“The Rock and Wrap It Up! collaboration with Senator Todd Kaminsky addresses the growing problem of food waste in NYS through the passage of the NYS Budget is a fantastic solution. The passing assures the further reduction of both poverty and carbon footprints by getting healthy food safely to our at-risk population,” said Syd Mandelbaum, CEO and Founder of Rock and Wrap It Up!, an award-winning anti-poverty think tank.

“Wasting wholesome food is a senseless missed opportunity to help those in need and to protect our environment. This new program has meaningful society benefits including feeding the hungry, reducing our solid waste stream and fighting climate change. On Long Island, we need to dramatically reduce our solid waste stream as we near the anticipated closure of the Brookhaven landfill in 2025. Redirecting excess food is a substantial step in achieving the needed reduction. Kudos to Senator Kaminsky and Assemblyman Englebright for championing this important program,” said Adrienne Esposito, Executive Director of Citizens Campaign for the Environment.

"Food waste makes up almost 20% of the solid waste stream in New York and is a major contributor to climate change. At the same time, many New Yorkers struggle to put food on the table. That's why NYLCV has made food waste reduction a long-time priority in our advocacy work. We are thrilled that thanks to Senator Kaminsky's leadership, this year's budget includes legislation requiring excess wholesome food to be donated and food waste to be diverted to an organics processing facility. We thank Senator Kaminsky for fighting for this important legislation," said Patrick McClellan, State Policy Director for the New York League of Conservation Voters.

Long Island Cares Chief Government Affairs Officer  Michael W. Haynes said “Starting 2 years ago with the inclusion of the Farm to Food Bank Tax Credit in New York’s State Budget, Governor Cuomo and the State Legislature established fighting food waste as a key legislative priority for the Empire State.  The tradition continued last month when Senator Kaminsky’s proposal to divert discarded, inedible food to processing facilities that produce clean energy was included in the State Budget.  Senator Kaminsky’s “Food Donation and Food Scraps Recycling Bill” also contained provisions on how to rescue wholesome food and ensure it goes to New Yorkers in need.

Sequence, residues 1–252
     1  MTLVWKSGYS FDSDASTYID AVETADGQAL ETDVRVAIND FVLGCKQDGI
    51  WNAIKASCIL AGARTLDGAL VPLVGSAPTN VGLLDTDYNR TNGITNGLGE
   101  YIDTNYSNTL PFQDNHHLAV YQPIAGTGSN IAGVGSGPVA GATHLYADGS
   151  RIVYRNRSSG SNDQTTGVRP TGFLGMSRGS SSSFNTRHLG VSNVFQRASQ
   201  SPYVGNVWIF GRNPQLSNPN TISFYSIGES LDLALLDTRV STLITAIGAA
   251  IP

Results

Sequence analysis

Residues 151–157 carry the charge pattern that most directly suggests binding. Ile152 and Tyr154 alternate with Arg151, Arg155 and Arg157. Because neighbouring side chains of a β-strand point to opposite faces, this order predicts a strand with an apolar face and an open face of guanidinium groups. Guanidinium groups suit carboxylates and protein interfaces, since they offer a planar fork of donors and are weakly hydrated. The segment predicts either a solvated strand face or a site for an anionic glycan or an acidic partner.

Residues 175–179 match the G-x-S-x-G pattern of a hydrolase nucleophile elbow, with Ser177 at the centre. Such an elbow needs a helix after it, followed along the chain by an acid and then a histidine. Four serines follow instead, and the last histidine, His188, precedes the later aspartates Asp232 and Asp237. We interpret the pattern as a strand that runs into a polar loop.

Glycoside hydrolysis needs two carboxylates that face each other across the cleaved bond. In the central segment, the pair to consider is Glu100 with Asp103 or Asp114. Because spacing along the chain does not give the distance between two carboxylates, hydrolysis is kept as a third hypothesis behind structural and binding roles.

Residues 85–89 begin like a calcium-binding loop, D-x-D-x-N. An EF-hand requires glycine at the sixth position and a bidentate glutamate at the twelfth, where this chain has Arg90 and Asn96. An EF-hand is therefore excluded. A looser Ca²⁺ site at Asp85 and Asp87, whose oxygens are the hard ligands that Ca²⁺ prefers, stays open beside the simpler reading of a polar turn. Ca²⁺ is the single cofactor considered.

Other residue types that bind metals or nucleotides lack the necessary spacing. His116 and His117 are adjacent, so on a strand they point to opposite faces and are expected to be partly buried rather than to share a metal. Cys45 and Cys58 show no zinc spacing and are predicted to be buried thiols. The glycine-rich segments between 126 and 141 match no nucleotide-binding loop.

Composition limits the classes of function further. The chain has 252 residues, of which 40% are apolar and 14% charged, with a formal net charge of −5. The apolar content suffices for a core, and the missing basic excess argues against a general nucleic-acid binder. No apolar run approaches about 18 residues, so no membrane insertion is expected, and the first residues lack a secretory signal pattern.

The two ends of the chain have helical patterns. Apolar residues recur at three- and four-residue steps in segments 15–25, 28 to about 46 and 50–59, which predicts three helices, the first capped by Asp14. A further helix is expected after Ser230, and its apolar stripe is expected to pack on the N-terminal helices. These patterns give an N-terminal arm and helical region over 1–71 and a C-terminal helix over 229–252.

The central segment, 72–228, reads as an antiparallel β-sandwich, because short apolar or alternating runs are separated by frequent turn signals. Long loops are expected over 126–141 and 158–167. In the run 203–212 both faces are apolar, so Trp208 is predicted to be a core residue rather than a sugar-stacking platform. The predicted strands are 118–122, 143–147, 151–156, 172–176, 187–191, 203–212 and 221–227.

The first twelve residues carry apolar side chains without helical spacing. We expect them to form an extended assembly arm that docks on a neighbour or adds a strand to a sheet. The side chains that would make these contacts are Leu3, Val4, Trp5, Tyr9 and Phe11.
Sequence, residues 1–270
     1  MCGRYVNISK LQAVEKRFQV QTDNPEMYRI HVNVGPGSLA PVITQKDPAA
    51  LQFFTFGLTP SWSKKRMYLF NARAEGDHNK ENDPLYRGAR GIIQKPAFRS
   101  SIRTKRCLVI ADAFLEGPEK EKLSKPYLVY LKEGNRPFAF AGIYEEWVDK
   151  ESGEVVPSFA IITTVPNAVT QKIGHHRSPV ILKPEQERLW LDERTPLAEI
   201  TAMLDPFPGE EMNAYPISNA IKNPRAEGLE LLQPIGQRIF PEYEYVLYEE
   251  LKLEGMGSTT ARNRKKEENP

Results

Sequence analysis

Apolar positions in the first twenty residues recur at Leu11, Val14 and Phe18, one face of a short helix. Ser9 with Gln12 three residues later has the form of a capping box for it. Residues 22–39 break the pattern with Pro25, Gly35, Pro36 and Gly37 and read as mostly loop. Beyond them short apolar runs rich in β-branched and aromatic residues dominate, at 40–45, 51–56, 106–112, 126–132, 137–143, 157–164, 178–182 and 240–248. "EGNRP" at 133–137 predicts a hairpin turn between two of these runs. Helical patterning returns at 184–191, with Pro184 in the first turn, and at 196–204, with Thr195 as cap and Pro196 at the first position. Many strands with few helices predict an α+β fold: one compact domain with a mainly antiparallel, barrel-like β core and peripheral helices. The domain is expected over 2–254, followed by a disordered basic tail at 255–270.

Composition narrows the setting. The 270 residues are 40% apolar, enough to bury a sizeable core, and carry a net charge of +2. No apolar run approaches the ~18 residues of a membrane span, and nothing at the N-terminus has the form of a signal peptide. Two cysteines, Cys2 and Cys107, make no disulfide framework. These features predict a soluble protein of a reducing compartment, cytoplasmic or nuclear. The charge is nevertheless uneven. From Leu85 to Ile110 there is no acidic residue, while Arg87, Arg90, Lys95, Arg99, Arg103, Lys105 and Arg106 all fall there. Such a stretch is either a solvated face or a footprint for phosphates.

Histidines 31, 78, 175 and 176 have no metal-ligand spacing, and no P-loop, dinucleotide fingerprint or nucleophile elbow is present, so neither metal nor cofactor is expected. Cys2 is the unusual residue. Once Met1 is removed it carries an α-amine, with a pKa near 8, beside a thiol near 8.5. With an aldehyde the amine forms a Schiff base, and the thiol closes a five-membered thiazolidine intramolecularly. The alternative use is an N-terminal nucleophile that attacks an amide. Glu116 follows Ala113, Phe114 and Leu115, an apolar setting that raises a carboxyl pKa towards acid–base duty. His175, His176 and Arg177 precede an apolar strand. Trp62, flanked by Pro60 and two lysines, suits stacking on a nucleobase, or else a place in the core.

“The myriad connections between access to nutrition and public health are well documented.  However, the role of the food system and its complex interaction with our environment is an area that warrants further investigation and one where it is imperative we, as a State and Nation, do better.  When you consider that New Yorkers waste approximately 3.9 million tons of food scraps each year at the same time as food banks, such as Long Island Cares, Inc.—The Harry Chapin Food Bank, are trying to support 2.5 million New Yorkers who do not know where there next meal is coming from, this common sense legislation designed to reduce waste, feed hungry New Yorkers, and produce clean energy (and clean energy jobs) is a win-win-win.  We commend Senator Kaminsky and his colleagues in both the State Assembly and Senate, as well as Governor Cuomo, for including this forward thinking legislation in the budget.”

Each year, New Yorkers produce more than 3.9 million tons of food scraps from restaurants, grocery stores and other facilities. The vast majority of these food scraps are dumped into our landfills, where they break down and release methane — a greenhouse gas with 86 times the global warming potential of carbon dioxide. Edible food can be donated to those in need, while inedible food can be used to produce a fuel that can significantly reduce carbon emissions in New York.

The measure Senator Kaminsky successfully pushed for will require supermarkets, restaurants and other large generators of excess food to donate their leftovers and send inedible food to a processing facility to be turned into fuel, made from the methane gases the decomposing wastes emit. By capturing these gases —  instead of allowing them to escape into the atmosphere — and by using the fuel to generate power, heat homes or fuel vehicles, New York’s ambitious carbon reduction goals can be advanced.